An increasing number of Java application servers are being based on OSGi along the lines shown in the figure. An OSGi framework provides a runtime environment for the application server's modules. As the application server initialises, its modules are started and can communicate between themselves either using services or by importing classes from each other.
Applications running inside container modules provided by the application server need not be aware of the OSGi framework. This provides a low-cost migration path for existing applications.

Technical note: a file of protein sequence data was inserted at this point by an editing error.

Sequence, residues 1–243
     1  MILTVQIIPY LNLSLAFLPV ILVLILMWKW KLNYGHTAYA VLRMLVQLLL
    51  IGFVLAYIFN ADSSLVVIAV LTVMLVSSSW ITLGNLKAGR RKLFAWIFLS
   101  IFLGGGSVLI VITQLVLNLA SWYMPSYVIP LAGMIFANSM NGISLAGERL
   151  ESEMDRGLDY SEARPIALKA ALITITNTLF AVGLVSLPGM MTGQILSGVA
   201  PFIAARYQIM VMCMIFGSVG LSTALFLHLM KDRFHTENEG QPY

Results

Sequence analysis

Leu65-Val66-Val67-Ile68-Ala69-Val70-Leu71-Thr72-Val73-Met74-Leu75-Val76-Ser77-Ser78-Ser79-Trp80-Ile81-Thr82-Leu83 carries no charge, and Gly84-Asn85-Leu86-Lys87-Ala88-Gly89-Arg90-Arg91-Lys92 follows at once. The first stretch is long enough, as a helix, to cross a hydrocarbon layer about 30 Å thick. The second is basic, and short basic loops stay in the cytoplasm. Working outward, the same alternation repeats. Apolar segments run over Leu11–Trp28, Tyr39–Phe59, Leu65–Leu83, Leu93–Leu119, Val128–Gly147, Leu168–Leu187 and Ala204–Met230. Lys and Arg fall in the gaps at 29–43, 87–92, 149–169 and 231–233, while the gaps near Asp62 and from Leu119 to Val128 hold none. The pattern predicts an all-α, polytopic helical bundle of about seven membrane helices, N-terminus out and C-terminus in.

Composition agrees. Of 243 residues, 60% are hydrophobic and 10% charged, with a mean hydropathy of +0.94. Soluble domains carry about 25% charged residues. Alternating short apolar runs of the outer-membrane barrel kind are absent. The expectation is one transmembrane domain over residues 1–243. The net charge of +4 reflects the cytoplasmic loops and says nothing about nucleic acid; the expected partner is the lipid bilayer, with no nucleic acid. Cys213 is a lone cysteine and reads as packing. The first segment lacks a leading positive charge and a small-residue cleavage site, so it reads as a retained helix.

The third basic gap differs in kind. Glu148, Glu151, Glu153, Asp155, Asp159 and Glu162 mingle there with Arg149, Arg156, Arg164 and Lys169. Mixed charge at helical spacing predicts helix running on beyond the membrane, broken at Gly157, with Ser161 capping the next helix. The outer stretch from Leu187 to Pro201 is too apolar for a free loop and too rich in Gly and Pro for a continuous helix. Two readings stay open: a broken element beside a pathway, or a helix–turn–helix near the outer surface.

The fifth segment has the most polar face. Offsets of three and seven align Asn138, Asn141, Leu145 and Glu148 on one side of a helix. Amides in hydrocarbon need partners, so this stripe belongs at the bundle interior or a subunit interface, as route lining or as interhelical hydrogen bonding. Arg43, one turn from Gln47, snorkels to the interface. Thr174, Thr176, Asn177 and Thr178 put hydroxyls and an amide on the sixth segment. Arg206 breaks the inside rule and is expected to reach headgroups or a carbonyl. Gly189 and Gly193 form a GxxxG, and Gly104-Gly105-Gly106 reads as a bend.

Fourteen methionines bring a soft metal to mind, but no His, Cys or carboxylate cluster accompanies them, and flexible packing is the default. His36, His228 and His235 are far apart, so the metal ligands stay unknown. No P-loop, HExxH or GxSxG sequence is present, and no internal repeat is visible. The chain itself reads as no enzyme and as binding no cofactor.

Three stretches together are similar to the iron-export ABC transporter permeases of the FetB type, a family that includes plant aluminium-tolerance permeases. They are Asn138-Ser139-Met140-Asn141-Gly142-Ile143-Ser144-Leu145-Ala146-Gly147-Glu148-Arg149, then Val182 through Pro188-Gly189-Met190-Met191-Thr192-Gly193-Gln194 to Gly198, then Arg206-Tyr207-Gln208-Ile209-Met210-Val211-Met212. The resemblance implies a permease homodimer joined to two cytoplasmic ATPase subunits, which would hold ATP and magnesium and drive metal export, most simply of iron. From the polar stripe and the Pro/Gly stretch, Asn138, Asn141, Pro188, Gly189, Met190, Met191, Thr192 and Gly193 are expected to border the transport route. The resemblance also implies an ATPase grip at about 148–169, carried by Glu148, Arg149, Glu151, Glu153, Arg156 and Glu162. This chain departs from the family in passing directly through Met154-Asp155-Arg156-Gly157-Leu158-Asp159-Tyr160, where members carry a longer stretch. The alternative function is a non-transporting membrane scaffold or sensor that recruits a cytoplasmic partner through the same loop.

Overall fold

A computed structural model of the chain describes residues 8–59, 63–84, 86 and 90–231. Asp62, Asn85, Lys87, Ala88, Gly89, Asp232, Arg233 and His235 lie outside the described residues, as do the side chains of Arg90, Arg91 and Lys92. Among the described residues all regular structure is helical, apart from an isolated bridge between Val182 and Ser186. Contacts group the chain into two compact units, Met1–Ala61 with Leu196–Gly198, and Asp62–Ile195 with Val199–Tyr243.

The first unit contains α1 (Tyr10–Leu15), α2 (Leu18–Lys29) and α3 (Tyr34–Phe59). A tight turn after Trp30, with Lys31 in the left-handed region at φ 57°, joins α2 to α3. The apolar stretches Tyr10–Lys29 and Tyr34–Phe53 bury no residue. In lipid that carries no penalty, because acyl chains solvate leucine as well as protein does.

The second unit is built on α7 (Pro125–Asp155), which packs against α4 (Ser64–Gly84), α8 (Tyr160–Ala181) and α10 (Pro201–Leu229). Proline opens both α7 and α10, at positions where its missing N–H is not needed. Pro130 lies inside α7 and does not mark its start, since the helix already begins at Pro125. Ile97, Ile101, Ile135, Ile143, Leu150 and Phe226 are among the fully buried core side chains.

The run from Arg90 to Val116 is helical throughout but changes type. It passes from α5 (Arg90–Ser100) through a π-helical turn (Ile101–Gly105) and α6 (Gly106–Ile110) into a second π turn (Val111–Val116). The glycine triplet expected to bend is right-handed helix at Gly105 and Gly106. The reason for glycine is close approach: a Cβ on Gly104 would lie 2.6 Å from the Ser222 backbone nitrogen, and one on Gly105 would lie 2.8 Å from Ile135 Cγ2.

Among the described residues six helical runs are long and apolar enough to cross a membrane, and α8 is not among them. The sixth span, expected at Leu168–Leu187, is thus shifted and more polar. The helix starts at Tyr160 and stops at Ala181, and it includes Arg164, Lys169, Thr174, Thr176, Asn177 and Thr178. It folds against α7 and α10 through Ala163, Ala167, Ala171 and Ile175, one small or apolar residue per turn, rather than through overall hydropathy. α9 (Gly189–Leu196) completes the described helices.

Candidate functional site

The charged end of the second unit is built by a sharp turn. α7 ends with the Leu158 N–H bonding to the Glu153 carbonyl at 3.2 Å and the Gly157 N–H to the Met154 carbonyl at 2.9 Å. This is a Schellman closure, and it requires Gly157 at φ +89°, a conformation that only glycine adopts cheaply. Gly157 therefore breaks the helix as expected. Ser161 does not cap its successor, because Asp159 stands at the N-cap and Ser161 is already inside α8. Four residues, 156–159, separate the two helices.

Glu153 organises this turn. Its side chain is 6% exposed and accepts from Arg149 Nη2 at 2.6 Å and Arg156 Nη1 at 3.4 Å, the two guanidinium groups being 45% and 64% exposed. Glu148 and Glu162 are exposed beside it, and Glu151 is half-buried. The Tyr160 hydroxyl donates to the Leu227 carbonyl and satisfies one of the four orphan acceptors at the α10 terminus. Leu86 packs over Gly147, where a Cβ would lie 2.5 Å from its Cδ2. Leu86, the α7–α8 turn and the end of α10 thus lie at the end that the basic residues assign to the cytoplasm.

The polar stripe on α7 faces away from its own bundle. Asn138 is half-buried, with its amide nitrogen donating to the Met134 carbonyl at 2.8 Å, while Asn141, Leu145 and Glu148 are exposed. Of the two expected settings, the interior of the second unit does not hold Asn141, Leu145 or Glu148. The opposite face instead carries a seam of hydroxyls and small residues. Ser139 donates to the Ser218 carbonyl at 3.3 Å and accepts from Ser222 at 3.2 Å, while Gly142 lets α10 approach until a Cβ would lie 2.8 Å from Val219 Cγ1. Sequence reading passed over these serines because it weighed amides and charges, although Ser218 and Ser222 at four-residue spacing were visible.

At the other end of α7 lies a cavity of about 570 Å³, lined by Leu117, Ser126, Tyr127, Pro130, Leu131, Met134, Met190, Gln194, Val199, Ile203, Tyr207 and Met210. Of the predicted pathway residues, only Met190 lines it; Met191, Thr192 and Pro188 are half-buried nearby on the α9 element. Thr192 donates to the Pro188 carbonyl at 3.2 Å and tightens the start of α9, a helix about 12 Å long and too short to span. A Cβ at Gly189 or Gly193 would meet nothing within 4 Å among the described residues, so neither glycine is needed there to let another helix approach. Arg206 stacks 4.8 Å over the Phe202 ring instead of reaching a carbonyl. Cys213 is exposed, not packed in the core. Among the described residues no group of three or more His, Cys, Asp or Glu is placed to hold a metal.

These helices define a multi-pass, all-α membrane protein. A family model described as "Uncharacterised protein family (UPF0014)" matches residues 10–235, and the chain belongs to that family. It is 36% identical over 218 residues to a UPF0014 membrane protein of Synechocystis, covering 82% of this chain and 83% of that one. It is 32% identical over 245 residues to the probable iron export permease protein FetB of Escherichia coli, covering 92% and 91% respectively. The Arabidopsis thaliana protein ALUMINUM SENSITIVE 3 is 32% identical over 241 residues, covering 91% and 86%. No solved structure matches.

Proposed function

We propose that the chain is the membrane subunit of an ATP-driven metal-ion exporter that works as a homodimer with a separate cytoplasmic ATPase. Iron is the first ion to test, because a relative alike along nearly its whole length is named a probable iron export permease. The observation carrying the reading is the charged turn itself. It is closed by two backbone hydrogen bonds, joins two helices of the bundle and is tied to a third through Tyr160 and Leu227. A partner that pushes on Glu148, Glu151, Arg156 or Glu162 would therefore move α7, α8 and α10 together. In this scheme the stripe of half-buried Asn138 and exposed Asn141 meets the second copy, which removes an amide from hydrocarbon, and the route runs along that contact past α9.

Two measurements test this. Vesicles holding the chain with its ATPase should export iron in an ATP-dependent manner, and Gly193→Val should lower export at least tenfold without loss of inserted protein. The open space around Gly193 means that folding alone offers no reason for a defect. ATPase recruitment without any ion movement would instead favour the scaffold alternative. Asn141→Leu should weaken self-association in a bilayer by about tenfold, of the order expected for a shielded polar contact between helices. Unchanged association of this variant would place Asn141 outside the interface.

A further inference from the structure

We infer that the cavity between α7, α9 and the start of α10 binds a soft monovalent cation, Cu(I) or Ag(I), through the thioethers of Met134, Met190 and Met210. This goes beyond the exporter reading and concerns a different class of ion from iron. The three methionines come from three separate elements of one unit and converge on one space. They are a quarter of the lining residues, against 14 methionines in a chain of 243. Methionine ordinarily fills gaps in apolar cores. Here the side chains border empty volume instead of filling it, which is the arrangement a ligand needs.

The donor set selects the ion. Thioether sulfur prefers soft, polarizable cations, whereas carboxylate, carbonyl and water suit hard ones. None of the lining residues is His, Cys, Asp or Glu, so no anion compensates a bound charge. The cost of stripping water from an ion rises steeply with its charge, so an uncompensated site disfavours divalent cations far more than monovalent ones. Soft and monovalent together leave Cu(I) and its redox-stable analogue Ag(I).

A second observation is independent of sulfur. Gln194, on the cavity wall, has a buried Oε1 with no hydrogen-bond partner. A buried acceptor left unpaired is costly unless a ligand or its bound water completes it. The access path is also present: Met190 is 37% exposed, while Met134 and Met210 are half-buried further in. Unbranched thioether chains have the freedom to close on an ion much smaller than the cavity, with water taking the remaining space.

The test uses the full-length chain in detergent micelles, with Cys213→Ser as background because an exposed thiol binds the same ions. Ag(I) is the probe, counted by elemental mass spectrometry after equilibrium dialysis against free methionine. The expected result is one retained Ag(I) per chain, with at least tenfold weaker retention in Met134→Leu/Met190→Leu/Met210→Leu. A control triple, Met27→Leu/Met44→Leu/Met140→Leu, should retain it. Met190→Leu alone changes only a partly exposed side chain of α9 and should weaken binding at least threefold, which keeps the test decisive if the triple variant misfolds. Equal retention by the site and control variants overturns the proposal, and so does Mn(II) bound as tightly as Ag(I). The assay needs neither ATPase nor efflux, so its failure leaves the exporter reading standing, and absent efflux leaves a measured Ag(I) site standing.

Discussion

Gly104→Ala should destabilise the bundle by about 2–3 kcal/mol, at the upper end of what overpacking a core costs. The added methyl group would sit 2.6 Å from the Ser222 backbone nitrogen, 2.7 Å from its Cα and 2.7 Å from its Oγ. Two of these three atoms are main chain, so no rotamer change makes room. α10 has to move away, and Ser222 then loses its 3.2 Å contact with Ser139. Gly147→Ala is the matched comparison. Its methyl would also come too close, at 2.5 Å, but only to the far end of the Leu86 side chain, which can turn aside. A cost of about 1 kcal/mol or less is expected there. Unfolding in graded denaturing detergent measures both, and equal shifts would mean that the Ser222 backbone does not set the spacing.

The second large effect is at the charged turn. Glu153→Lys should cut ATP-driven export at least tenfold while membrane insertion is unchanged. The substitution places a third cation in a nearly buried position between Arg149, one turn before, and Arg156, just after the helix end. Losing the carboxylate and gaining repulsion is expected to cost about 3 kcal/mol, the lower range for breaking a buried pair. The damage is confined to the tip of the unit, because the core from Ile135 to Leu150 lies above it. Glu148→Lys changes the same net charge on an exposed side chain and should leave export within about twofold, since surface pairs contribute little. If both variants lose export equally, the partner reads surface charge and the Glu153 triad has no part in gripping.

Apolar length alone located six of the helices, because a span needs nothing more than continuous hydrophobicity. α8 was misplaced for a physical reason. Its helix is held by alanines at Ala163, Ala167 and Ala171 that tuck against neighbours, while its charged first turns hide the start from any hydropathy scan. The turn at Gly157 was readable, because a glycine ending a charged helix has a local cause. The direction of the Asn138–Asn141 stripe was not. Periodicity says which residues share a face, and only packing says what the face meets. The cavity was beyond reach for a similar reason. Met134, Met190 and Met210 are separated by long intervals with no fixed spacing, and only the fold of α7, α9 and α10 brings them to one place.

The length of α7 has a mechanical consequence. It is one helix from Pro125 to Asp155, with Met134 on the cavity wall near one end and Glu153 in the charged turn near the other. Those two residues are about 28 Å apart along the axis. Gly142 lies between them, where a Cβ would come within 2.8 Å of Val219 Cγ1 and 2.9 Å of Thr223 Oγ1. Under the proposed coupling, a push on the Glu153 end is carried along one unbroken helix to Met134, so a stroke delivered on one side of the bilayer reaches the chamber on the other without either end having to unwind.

The following application servers are based on OSGi, or are thinking about it:
Thursday, January 04, 2007
- ► 2012 (16)
- ► 2011 (34)
- ► 2010 (22)
- ► 2008 (9)
- JRockit-powered Harmony
- Vista - the "Pain" starts now
- Writing partial designs
- What's the point of JSR 291?
- Work-life balance
- Is full interoperation realistic?
- JSR 291 and weird stuff
- IBM Java 6 /.'d
- JSR 291 passes public review ballot
- Is hyper-threading hot stuff?
- Silly Java rules?
- Scrapping designs
- JSR 291 public review ballot
- Harmful distractions
- Creating an OSGi bundle
- OSGi non-assert agreements
- Application servers based on OSGi
- Modularity in proprietary and open source projects...
- ▼ January (18)